Closing our eyes to see
We can tell right from wrong, yet we continue doing what’s termed ‘wrong’, for the sake of convenience. But, isn’t choosing right, every time, the right thing to do, asks Shefali Tripathi Mehta.
On a break from work, we were having coffee in the busy Bengali Market. Suddenly, my friend, sitting across from me, facing the parking lot, got up midsentence and dashed outside. Puzzled, I rushed after him and was stunned to see him overpowering an angry, violent man who was hitting the parking attendant.
What would you and I have done? Most of us would have resigned to the situation, walked away and said, ‘What can I do?’, ‘These things happen all the time’. Or, we may have been upset or angered enough to tell some others, maybe even share it on social networking sites, to fuel impassioned discussions and bitter condemnations.
Who are those that are moved enough to act when they come across such situations — unfair treatment, exploitation of the weak, brazen flaunting of power or disregard for rules and social convention? All of us are taught the same lessons in school and at home — to be ‘right’, always. Yet, tempted by the ‘easy way out’, we fail in this again and again in life.
These are not life-changing, moral dilemmas, but the day to day looking the other way, indifference, apathy, cutting corners and seeking shortcuts. We can tell right from wrong, yet we continue doing what’s termed ‘wrong’, for the sake of convenience. Breaking queues, cheating, jumping traffic signals, paying bribes, getting out of turn favours, the list is endless.
All of us are tempted in big and small ways to take the convenient way — to bribe and use contacts for favours big and small, to pay the traffic cop instead of taking a ticket, buy pirated CD/DVDs, install booster water pumps in the corporation water lines, tamper with electricity meters, litter when no one is watching, not ask for cash memos, use office resources (fax, phone, scanner, printer) for personal work, look the other way when it suits us, like when someone else is being harassed, someone else’s sister/ daughter/ mother/ girlfriend/ wife is being teased, someone’s else’s child is leaning dangerously out of a window; when neighbours employ children or ill-treat house help.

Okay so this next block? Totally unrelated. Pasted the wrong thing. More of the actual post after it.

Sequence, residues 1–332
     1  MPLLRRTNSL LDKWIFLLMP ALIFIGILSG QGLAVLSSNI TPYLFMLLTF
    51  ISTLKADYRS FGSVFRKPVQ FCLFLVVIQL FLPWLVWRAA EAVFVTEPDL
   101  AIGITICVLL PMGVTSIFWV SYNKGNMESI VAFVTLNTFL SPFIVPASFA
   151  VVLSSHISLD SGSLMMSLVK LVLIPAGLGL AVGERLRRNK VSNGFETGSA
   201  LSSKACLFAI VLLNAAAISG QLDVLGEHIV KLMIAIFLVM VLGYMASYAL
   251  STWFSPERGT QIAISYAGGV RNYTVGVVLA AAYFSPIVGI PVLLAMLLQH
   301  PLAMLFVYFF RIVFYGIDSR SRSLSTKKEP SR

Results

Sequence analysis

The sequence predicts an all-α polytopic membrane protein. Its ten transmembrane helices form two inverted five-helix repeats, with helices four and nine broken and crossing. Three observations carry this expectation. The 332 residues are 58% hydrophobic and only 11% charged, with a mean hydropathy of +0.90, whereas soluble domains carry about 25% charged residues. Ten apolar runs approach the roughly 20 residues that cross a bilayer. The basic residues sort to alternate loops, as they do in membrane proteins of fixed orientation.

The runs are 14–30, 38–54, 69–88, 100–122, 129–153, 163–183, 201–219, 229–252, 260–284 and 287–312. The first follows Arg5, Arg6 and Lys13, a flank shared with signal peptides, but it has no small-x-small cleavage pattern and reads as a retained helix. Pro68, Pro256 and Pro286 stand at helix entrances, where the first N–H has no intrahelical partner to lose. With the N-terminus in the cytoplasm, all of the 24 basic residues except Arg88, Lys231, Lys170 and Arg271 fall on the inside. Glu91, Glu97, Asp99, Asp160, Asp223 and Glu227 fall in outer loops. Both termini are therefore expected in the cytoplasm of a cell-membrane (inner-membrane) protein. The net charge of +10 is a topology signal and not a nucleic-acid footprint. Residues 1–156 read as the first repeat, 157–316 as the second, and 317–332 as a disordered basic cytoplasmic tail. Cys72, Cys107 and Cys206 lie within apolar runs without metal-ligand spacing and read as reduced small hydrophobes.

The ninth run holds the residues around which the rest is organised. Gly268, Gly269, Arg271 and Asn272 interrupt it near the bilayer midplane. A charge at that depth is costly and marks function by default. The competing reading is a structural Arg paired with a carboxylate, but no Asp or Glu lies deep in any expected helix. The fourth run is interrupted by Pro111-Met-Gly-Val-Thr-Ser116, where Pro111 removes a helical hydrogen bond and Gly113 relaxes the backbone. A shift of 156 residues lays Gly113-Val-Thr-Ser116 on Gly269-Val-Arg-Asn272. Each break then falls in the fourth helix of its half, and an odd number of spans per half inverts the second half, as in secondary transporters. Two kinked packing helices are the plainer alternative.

Silencing our inner voice
Right and wrong have no definite, absolute demarcations. “But if you take the wrong path, something deep inside you will feel twisted. There are times when that will be the only way to know the right from the wrong.” (Inara Scott, The Candidates).
We see a person lying on the pavement, seemingly unconscious or hurt or sick, but we are rushing to work, for a crucial appointment, or to catch a train. So we silence that inner voice by telling ourselves that someone else will surely help, someone will call the police or the ambulance, or maybe that person is not really in need of help, maybe the person is just drunk. We walk away, believing what we would like to believe to suppress that inner voice.
Several hundreds of people lost their jobs at a multinational for submitting fake bills for medical reimbursements. Most of us believe that claiming our medical, travel, petrol bills is our right, that our employers owe it to us. But most also assume that submitting forged bills to claim the money that is ‘rightfully ours’ is our right too. This practice is so prevalent that no one stops to think it unethical. There is a queue at the medical stores where for a small fee they provide fake bills. So you can buy talcum powder for Rs 200 and it will be billed against the name of some medicine. But imagine losing one’s job for a few hundred rupees! And our self-esteem for the pittance?
We all know that a wrong does not cease to be wrong if all are doing it, but we also know how much courage it takes to go against the general wave, to stand our ground, to break the circle. To quote Noel Coward from The Blithe Spirit, “It’s discouraging to think how many people are shocked by honesty and how few by deceit.” ‘Everyone is doing it,’ is just another way of silencing our inner voice, of remaining in our comfort zones.